Issue 14 2017
The benefits of prolonged nutrient availability
Fabio Vale presenting the polyhalite poster at the Soil Science Society of America meeting in Florida.
Pressure is a part of modern life. People feel it. Our planet feels it. And so do the crops and farmers that we aim to serve with our products and professional advice. In our work we may feel pressure of time too, and a well put together poster can be a powerful way to present key facts about Polysulphate in a just a few minutes.

Poster pulls out the powerful information

The key results from research to evaluate the residual effect of polyhalite fertilizer on maize grown after soybean on sandy soils in Brazil were pulled together into a poster by Dr. Fabio Vale, IPI Coordinator for Latin America.

The poster pulled in a lot of interest at the recent 2017 Annual Meeting of the Soil Science Society of America ‘Managing Global Resources for a Secure Future’ in Tampa, Florida in the United States.

Polysulphate helps crops to perform under pressure

On Brazil’s sandy soils, soybean is often followed by maize. It is a priority to get greater sustainability in yields of both crops; the characteristic of polyhalite to give prolonged release of nutrients over a long period means that it has the potential to benefit crops in succession.

The trial was conducted in a light textured soil of the Brazilian Cerrado, in Luiz Eduardo Magalhaes, Bahia state, Brazil. The soil has low natural fertility and are poor in phosphorus (P), potassium (K), calcium (Ca), magnesium (Mg), sulphur (S) and micronutrients.

Normally the soybean and maize fertilizations are made to supply only P and K, besides nitrogen (N) for corn. Use of fertilizers containing these other nutrients (S, Mg and Ca) is important to the management of crops in order to get greater sustainability of the yields. The aim of the research was to evaluate the residual effect of the Polysulphate applied in the previous soybean crop on the maize yield.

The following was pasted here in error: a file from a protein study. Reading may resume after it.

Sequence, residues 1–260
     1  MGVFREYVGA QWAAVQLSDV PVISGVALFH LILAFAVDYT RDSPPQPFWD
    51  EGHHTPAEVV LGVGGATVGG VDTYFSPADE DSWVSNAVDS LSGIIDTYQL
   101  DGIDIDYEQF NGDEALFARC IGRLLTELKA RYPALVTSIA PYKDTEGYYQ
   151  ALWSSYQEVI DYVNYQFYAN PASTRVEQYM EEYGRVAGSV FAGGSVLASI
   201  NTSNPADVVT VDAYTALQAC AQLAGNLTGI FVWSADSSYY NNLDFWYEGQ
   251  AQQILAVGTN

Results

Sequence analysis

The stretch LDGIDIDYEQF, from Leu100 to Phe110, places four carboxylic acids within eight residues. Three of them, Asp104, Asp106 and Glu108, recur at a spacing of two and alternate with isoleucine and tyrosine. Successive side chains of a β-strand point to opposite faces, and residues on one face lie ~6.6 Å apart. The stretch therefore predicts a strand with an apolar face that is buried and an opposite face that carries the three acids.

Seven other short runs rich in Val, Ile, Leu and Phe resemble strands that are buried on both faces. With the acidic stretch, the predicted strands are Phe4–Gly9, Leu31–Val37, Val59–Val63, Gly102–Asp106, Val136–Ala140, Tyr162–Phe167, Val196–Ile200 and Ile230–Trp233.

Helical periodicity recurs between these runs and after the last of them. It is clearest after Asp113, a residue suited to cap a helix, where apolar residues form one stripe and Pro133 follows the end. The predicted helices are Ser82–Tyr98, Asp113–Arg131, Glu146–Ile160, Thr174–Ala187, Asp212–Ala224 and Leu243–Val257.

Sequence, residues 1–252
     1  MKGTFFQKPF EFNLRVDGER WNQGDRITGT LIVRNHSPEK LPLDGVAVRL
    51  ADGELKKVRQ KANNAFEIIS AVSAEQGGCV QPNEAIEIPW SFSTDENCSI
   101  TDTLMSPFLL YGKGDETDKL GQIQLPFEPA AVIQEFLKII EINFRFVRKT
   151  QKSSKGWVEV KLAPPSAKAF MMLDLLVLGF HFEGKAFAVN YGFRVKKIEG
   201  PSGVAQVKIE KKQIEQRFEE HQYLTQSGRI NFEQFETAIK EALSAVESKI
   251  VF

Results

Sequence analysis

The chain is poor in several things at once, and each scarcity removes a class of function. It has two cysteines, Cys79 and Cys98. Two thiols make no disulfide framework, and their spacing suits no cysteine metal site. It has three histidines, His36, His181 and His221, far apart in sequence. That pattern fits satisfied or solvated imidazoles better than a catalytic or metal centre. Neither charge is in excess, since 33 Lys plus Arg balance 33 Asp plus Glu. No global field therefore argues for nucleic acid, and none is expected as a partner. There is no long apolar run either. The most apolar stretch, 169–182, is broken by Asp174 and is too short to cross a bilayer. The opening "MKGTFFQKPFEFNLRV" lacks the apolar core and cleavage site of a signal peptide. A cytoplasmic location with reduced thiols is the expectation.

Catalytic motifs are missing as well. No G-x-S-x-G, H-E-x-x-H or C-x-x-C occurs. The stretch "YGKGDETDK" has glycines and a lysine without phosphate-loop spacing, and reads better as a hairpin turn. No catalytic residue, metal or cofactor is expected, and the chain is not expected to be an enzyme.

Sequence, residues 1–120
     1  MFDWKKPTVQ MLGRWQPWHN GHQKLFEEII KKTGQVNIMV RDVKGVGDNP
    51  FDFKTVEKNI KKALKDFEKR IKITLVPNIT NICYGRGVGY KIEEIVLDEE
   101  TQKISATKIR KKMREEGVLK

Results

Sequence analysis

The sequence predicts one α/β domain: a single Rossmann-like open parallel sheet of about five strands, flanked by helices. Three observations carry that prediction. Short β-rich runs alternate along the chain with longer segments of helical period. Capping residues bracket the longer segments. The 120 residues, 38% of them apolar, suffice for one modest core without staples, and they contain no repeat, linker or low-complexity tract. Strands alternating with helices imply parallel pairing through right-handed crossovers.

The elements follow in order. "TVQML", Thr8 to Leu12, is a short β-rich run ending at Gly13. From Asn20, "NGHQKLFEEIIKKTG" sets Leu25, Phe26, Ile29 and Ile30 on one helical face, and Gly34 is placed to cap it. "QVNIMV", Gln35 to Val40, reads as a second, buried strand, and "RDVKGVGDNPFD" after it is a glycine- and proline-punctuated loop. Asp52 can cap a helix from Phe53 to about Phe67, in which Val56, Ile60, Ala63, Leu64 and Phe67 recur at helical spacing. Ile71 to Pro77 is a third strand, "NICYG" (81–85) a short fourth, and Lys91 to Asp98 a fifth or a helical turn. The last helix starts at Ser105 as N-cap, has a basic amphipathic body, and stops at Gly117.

Five treatments were applied to soybean crop: (1) Control, (2) MAP (104 kg ha-1 P2O5), (3) MAP + KCl (104 kg ha-1 P2O5 + 60 kg ha-1 K2O) , (4) MAP + KCl + polyhalite (104 kg ha-1 P2O5 + 60 kg ha-1 K2O + 20 S), (5) MAP + KCl + polyhalite (104 kg ha-1 P2O5 + 60 kg ha-1 K2O+ 40 S). MAP was applied along the furrow, and KCl and polyhalite in broadcast before sowing. In the following crop, maize, all treatments received same fertilization: 150 kg ha-1 N as urea, 100 kg ha-1 P2O5 as MAP and 60 kg ha-1 K2O as KCl, in order to evaluate residual effect of polyhalite applied on previous soybean fertilization.

Revealing the residual benefits of Polysulphate

The trial plots in the study were strongly affected by the El Nino phenomenon of 2015-16 which caused prolonged drought, and then late rains with low rainfall. Nevertheless K fertilization had a high influence on soybean yield. Polyhalite further increased yields by 10.5% (20 S) and by 19.9% (40 S) as compared to KCl treatment.
Soybean yield as affected by the different treatments. The averages (4 replicates) followed by same letters do not differ statistically by Tukey test 5% of probability.
Potassium deficiency symptoms were observed in the soybean plot treated only with MAP fertilizer.
In addition the residual effect of polyhalite increased maize yields by 6% in comparison with conventional KCI fertilizer use showing the importance of the S, Ca and Mg in Polysulphate fertilizer.
Maize yield as affected by the different treatments, polyhalite was applied only to previous crop. The averages (4 replicates) followed by same letters do not differ statistically by Tukey test 5% of probability.
You can see more about this research at the poster on the IPI website.
Maize plots at the experiment at Alvorada farm, Luiz Eduardo Magalhaes, Bahia state, Brazil.
Mined in the UK, ICL is the first – and only - producer in the world to mine polyhalite, marketed as Polysulphate